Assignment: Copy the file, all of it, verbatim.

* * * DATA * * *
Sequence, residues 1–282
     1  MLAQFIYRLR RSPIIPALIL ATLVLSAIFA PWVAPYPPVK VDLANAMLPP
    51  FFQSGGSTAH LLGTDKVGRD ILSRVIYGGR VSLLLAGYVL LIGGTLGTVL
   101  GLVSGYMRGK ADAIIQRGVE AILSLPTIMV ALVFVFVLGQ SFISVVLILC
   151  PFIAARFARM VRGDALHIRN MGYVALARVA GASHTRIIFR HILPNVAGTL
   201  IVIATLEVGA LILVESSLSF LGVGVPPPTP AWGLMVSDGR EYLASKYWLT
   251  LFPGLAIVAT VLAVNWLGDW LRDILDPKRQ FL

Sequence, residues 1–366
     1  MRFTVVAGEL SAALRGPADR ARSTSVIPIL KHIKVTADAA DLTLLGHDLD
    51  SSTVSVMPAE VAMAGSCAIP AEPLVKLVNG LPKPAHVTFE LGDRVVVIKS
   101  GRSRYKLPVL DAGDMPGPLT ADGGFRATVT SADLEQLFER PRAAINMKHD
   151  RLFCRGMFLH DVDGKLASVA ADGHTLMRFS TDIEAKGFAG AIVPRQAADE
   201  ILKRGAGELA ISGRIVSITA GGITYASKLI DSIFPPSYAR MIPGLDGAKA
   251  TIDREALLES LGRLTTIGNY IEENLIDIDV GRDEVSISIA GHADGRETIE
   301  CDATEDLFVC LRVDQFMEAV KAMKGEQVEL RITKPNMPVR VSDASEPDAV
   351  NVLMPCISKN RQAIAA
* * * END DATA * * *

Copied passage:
Sequence, residues 1–282
     1  MLAQFIYRLR RSPIIPALIL ATLVLSAIFA PWVAPYPPVK VDLANAMLPP
    51  FFQSGGSTAH LLGTDKVGRD ILSRVIYGGR VSLLLAGYVL LIGGTLGTVL
   101  GLVSGYMRGK ADAIIQRGVE AILSLPTIMV ALVFVFVLGQ SFISVVLILC
   151  PFIAARFARM VRGDALHIRN MGYVALARVA GASHTRIIFR HILPNVAGTL
   201  IVIATLEVGA LILVESSLSF LGVGVPPPTP AWGLMVSDGR EYLASKYWLT
   251  LFPGLAIVAT VLAVNWLGDW LRDILDPKRQ FL

Sequence, residues 1–366
     1  MRFTVVAGEL SAALRGPADR ARSTSVIPIL KHIKVTADAA DLTLLGHDLD
    51  SSTVSVMPAE VAMAGSCAIP AEPLVKLVNG LPKPAHVTFE LGDRVVVIKS
   101  GRSRYKLPVL DAGDMPGPLT ADGGFRATVT SADLEQLFER PRAAINMKHD
   151  RLFCRGMFLH DVDGKLASVA ADGHTLMRFS TDIEAKGFAG AIVPRQAADE
   201  ILKRGAGELA ISGRIVSITA GGITYASKLI DSIFPPSYAR MIPGLDGAKA
   251  TIDREALLES LGRLTTIGNY IEENLIDIDV GRDEVSISIA GHADGRETIE
   301  CDATEDLFVC LRVDQFMEAV KAMKGEQVEL RITKPNMPVR VSDASEPDAV
   351  NVLMPCISKN RQAIAA